"Tests of multiple intervention scenarios suggest that mobility restrictions (e.g., collective isolation) have little impact unless behavioral change is rigidly enforced at extreme levels for both travel to town and between communities," the authors concluded, "whereas even minor reductions in transmissibility achieved through pharmaceutical and other interventions can effectively reduce disease spread and total outbreak size."

H5N6 avian flu sickens Chinese woman

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China has reported another H5N6 avian flu infection, which involves a 27-year-old woman from Sichuan province, marking the fifth such case of the year.

According to a statement from Hong Kong's Centre for Health Protection, the woman's symptoms began on July 20 and she was admitted for treatment on July 22. The report did not say how the woman was exposed to the virus or list her condition. Many of the earlier patients had been exposed to poultry or poultry environments before they got sick.

The illness lifts the global total to 86 cases since the virus was first detected in humans in 2014, most of them from China. H5N6 is known to circulate in poultry in some Asian nations, but only China and Laos have reported human cases, which are often severe or fatal.

Quick takes: WHO mpox guidance, more Florida dengue, Powassan virus cases in Connecticut

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  • The World Health Organization (WHO) yesterday published standing recommendations to guide countries in the battle against mpox. It said the new guidance replaces temporary recommendations the WHO put in place when it declared the end of the public health emergency of international concern in May. The standing recommendations, put together by the WHO's review committee, cover seven main areas to control and eliminate the virus, from having national plans in place to working toward equitable access to tests, treatment, and vaccine.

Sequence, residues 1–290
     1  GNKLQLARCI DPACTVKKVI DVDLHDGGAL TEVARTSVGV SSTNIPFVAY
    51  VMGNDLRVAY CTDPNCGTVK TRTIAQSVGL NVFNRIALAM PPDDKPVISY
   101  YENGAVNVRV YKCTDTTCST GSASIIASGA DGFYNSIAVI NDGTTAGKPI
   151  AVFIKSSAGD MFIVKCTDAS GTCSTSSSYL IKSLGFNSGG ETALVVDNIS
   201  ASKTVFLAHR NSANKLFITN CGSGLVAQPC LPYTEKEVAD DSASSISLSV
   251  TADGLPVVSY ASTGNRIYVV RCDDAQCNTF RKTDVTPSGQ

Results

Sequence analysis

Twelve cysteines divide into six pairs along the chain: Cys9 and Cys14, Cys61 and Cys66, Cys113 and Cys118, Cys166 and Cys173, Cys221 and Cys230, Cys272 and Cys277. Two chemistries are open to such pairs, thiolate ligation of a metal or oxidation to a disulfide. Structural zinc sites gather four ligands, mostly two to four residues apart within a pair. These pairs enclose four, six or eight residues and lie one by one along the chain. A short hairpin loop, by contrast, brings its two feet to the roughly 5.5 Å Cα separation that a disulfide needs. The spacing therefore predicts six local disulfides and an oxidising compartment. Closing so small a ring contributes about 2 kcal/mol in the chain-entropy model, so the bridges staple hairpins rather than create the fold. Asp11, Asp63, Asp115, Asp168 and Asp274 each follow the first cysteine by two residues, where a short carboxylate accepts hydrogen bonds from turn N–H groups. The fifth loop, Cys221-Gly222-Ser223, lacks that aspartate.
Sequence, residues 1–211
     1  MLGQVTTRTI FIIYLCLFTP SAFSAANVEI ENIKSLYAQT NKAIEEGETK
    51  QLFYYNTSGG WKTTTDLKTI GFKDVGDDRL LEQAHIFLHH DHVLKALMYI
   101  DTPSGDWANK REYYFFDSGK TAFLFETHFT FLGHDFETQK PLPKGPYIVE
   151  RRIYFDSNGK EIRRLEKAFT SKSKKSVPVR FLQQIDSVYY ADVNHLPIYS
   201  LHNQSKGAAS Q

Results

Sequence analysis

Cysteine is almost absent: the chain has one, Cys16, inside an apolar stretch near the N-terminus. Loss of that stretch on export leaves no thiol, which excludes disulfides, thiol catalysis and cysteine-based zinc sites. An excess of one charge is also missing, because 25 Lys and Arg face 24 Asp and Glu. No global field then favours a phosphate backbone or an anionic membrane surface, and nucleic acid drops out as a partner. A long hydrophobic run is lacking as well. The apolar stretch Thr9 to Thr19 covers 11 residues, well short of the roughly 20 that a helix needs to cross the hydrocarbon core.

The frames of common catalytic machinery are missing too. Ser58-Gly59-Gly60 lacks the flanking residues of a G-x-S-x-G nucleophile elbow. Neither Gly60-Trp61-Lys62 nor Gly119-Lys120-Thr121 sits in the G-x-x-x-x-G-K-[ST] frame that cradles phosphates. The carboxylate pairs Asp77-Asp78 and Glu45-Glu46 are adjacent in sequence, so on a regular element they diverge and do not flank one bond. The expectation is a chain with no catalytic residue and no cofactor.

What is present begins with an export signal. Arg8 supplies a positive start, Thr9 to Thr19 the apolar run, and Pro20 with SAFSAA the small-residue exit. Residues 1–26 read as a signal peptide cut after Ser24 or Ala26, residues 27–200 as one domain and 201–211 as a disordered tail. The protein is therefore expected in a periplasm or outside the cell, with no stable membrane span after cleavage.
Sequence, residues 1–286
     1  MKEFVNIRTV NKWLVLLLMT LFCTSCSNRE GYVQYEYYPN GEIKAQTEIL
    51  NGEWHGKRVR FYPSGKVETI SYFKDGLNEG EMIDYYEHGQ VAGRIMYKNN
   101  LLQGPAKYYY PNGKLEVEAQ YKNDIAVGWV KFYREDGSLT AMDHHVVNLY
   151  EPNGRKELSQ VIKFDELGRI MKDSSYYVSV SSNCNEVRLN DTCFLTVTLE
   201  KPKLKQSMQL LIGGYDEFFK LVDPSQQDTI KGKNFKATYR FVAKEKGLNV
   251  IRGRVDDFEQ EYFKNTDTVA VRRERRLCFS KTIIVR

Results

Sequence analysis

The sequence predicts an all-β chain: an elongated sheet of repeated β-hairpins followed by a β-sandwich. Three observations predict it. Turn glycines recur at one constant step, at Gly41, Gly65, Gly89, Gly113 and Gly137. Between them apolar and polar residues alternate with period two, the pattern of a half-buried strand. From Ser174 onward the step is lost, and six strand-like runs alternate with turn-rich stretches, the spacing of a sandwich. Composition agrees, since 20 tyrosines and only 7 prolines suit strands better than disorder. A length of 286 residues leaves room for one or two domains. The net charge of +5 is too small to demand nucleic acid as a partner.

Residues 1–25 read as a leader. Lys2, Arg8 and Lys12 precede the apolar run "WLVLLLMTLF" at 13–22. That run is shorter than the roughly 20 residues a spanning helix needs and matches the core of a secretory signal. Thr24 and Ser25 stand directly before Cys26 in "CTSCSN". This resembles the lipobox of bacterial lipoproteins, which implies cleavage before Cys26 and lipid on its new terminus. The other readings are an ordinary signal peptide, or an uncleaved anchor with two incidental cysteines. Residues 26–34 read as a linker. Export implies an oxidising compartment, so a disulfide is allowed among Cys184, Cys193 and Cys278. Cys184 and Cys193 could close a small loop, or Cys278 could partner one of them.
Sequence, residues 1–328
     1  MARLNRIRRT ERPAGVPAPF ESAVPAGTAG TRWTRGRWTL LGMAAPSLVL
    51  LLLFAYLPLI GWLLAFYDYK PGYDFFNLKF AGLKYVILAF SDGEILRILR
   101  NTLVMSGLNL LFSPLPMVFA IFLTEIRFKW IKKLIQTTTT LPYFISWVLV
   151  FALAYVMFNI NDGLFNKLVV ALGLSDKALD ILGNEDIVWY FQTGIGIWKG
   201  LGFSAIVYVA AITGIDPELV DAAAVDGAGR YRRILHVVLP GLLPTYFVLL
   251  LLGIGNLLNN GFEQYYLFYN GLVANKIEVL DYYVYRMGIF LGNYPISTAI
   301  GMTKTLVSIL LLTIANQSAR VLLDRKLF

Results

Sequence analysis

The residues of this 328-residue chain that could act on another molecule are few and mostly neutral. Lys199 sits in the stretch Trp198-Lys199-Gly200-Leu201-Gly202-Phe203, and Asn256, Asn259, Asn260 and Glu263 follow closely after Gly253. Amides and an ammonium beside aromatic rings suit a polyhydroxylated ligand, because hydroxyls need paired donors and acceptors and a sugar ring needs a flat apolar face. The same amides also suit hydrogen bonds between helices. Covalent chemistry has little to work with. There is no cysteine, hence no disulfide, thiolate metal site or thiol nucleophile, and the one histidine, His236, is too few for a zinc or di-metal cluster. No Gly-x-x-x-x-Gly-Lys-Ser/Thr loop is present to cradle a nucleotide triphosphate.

• The Florida Department of Health (Florida Health) this week reported four more locally acquired dengue cases, raising the year's total to 15. The new cases are from Hardee, Miami-Dade, and Polk counties. Most of the earlier cases were from Miami-Dade County. Florida Health said Hardee and Polk are under a mosquito-borne illness advisory. Miami-Dade is among the counties that are under an alert.
  • Connecticut's health department this week reported four Powassan virus infections, marking the state's first cases of the tick-borne virus of the year. Two of the patients are men ages 60 and older from Middlesex and Litchfield counties who were sick in early July. The other two are women ages 50 and older from Windham and Litchfield counties who were sick in late July. All patients had known tick bites and were hospitalized for neurologic symptoms. The patients were discharged and are recovering. In 2022, Connecticut reported six Powassan virus illnesses, two of them fatal. The disease, mainly spread by black-legged (deer) ticks, causes symptoms that range from headache to encephalitis. There is no treatment. Most cases are reported from Great Lakes and northeastern states.